The Dow Jones industrial average fell 6.03, or less than 0.1%, to 19,884.91. The Standard & Poor’s 500 index rose 1.30, or 0.1%, to 2280.85 and the Nasdaq composite index fell 6.45 points , or 0.1% to 5636.20.

Investors were rattled by the latest news from the Trump administration, including a phone call in which he warned Mexico’s president he might send in troops and another about a tense exchange with Australia’s leader over refugees. Following the Trump rally in the wake of his election victory last November, stock gains appear to be petering out with investors getting jittery in light of Trump’s dramatic policy announcements since taking office.

Investors are also looking to Friday’s closely watched jobs report, the first that will be under the tenure of President Trump. Economists expect employers created 175,000 jobs in January, and the unemployment rate remained at 4.7%.

India : Limited room to reduce fiscal deficit to 3% in FY18: Moody’s

The government is likely to achieve its fiscal deficit target of 3.5 per cent of GDP in the current fiscal but higher infrastructure spending will limit the room to reduce it further to 3 per cent in 2017-18, Moody’s said today.

The credit rating agency expects the government to renew its commitment to increase capital spending and address the short-term disruptive impact of demonetisation in the Budget to be unveiled on February 1, 2017.

“On the fiscal front, the government will likely remain committed to achieving its fiscal deficit target of 3.5 per cent of GDP for the fiscal year ending March 2017. However, room to reduce the deficit further to the target of 3 per cent of GDP in the following year will be limited, due to the need for increased infrastructure spending and higher government salaries,” Moody’s Investors Service said in a statement.

It said that in an environment of lacklustre global trade and with economies globally facing the increasing risk of protectionism, India’s very large domestic markets provide a relative competitive advantage when compared to smaller and more trade-reliant economies.

The implementation of the pending GST and other measures aimed at enhancing income declarations and tax collection will help widen India’s tax base and boost revenues, it said, adding that such a boost will however only materialise over time, with the magnitude uncertain at this point.

India : Note ban gains ‘highly uncertain’, says Fitch

Benefits of demonetisation are “highly uncertain” and the potential positives are unlikely to be strong or last long enough to make a significant difference to government finances or medium-term growth prospects, global ratings agency Fitch said today. Taking into account the short-term disruptions, it also revised down the GDP growth estimate for the current fiscal to 6.9 per cent from the earlier 7.4 per cent.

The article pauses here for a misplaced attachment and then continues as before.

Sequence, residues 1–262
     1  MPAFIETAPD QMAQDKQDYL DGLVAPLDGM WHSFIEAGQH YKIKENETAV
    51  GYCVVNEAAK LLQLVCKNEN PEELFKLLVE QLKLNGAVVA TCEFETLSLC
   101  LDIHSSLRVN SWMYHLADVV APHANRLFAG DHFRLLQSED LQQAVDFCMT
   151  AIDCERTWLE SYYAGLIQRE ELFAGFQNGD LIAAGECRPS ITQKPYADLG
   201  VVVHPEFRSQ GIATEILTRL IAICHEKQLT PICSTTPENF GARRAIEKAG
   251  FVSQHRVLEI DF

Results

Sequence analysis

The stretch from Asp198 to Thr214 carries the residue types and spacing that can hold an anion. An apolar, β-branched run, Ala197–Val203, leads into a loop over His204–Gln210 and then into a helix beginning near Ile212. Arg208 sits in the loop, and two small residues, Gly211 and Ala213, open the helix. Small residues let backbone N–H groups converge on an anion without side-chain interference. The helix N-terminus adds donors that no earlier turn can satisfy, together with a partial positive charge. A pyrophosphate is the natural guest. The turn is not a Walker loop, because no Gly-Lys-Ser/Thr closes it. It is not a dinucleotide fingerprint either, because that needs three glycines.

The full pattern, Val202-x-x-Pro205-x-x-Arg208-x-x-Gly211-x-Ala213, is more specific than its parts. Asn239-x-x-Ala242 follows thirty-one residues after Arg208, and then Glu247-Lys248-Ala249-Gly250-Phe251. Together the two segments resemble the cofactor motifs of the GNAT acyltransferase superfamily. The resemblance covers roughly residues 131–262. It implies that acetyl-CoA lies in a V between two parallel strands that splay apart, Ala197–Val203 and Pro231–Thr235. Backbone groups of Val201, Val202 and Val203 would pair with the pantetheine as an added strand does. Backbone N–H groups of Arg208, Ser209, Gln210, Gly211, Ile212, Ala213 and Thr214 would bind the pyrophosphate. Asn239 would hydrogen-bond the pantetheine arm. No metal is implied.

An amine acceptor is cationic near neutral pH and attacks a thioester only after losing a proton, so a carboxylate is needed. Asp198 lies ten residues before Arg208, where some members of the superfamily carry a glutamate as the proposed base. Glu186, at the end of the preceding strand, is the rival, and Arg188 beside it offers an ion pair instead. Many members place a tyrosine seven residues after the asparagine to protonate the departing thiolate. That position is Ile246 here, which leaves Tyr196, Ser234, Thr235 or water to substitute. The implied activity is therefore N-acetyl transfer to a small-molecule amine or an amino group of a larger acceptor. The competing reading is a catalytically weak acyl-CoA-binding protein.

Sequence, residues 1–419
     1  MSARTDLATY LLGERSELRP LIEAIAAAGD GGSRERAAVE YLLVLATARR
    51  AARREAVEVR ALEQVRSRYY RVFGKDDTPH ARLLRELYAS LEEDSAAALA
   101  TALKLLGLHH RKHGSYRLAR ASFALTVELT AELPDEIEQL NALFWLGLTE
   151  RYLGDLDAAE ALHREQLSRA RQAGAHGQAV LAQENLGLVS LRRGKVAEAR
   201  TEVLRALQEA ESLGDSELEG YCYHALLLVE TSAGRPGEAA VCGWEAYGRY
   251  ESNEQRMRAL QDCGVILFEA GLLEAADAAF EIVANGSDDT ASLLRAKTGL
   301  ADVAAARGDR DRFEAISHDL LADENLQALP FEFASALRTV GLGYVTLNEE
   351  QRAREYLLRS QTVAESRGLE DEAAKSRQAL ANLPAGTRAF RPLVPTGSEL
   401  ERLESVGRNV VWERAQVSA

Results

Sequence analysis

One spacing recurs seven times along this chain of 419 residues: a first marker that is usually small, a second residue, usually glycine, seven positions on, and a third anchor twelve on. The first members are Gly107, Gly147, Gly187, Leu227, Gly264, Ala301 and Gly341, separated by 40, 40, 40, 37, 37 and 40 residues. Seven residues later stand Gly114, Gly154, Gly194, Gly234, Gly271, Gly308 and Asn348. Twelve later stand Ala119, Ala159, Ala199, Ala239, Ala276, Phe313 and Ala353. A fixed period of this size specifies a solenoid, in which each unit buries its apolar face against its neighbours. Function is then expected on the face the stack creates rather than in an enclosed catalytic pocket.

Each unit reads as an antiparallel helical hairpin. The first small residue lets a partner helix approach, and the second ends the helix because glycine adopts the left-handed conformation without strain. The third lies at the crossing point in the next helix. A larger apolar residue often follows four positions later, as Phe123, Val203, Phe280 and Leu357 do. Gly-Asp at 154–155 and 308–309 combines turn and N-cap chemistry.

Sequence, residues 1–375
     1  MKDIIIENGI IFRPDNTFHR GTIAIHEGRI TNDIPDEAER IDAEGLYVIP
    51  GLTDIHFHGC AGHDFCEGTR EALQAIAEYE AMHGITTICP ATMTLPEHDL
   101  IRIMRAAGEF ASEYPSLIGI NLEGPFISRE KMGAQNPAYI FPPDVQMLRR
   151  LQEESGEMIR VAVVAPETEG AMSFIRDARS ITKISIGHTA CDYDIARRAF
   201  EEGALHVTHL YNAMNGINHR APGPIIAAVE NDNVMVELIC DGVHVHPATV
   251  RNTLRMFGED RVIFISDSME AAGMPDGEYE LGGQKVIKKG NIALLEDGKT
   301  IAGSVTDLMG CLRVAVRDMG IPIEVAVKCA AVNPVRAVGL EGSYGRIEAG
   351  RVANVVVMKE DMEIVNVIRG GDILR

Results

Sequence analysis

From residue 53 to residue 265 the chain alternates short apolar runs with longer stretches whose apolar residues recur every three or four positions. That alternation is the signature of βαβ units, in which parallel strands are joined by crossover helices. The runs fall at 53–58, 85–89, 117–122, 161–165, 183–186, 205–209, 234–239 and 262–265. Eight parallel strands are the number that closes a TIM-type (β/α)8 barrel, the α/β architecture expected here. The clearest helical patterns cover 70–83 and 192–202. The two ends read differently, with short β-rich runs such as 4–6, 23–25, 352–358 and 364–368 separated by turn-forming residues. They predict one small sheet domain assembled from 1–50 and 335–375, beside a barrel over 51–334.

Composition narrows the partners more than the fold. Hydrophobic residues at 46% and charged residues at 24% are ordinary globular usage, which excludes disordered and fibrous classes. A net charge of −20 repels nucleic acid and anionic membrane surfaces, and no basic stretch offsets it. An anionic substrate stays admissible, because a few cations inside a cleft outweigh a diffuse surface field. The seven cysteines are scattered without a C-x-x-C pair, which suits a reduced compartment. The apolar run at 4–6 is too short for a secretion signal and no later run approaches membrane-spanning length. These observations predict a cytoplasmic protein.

“The note ban move has some potential benefits, but the positive effects are unlikely to be strong or last long enough to make a significant difference to government finances or medium-term growth prospects…benefits of demonetisation are highly uncertain,” the ratings agency said in a note.

“The intentions behind demonetisation are positive and in keeping with the broader reform efforts, but the short-term pains may outweigh the uncertain long-term gains,” it said.

Terming the note ban as a “one-off event” as people will still be able to use the new high denomination bills and other options like gold to store their wealth, it warned that “there are no new incentives for people to avoid cash transactions. The informal sector could soon go back to business as usual.”

Overnight US Market :Dow closed -43 points.

Stocks ended mixed Thursday as retailers dominated the news with Macy’s and Kohl’s both plunging following weak holiday-season reports that led the chains to cut their profit forecasts.

Still, the Nasdaq composite’s modest gain of 11 points, or 0.2%, was enough to notch a new all-time high. Settling at at 5487.94, it topped the old record by half a point.

The Dow Jones industrial average finished down 43 points, a 0.2% decline to 19,899.29. Losing 0.1% was the S&P 500, which settled at 2269 even.

nvestors were also focusing on upcoming U.S. jobs data following the publication of the minutes to the Federal Reserve’s last board meeting.

Private U.S. companies added 153,000 jobs in December, according to payroll processor ADP. That total was a bit lower than analysts expected and slightly slower than the pace of hiring for the rest of 2016. The government will issue its own hiring report on Friday.

Overnight US Market :Dow closed -23 points.

U.S. stocks ended lower Thursday as health care companies took more losses and investors’ Dow 20,000 watch goes on.

The Dow Jones industrial average finished 0.1% lower, down 23 points to 19,918.88, and 81 short of the never-reached 20,000 level. The S&P 500 and Nasdaq composite lost 0.2 % and 0.4%, respectively.